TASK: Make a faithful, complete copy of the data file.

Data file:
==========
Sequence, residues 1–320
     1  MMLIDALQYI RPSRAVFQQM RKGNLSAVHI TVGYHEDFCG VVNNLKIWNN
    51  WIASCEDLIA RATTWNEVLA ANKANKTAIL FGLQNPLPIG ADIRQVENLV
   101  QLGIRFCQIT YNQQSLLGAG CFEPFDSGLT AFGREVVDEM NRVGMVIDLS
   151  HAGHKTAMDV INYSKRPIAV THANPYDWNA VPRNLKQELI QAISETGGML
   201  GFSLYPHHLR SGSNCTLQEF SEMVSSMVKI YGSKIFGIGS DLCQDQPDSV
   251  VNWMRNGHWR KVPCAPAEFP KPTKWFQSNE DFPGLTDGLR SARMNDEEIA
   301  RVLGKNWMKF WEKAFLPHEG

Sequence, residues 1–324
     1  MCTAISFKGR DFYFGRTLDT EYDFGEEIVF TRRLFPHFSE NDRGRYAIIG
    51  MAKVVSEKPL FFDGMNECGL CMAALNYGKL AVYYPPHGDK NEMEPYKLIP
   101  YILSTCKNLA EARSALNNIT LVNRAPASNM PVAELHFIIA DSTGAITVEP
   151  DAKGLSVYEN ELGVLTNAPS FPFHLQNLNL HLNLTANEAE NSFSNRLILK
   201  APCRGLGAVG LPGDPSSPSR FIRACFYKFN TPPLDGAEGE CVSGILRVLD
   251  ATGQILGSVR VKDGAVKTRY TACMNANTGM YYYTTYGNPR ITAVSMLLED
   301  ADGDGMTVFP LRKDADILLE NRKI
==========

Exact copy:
Sequence, residues 1–320
     1  MMLIDALQYI RPSRAVFQQM RKGNLSAVHI TVGYHEDFCG VVNNLKIWNN
    51  WIASCEDLIA RATTWNEVLA ANKANKTAIL FGLQNPLPIG ADIRQVENLV
   101  QLGIRFCQIT YNQQSLLGAG CFEPFDSGLT AFGREVVDEM NRVGMVIDLS
   151  HAGHKTAMDV INYSKRPIAV THANPYDWNA VPRNLKQELI QAISETGGML
   201  GFSLYPHHLR SGSNCTLQEF SEMVSSMVKI YGSKIFGIGS DLCQDQPDSV
   251  VNWMRNGHWR KVPCAPAEFP KPTKWFQSNE DFPGLTDGLR SARMNDEEIA
   301  RVLGKNWMKF WEKAFLPHEG

Sequence, residues 1–324
     1  MCTAISFKGR DFYFGRTLDT EYDFGEEIVF TRRLFPHFSE NDRGRYAIIG
    51  MAKVVSEKPL FFDGMNECGL CMAALNYGKL AVYYPPHGDK NEMEPYKLIP
   101  YILSTCKNLA EARSALNNIT LVNRAPASNM PVAELHFIIA DSTGAITVEP
   151  DAKGLSVYEN ELGVLTNAPS FPFHLQNLNL HLNLTANEAE NSFSNRLILK
   201  APCRGLGAVG LPGDPSSPSR FIRACFYKFN TPPLDGAEGE CVSGILRVLD
   251  ATGQILGSVR VKDGAVKTRY TACMNANTGM YYYTTYGNPR ITAVSMLLED
   301  ADGDGMTVFP LRKDADILLE NRKI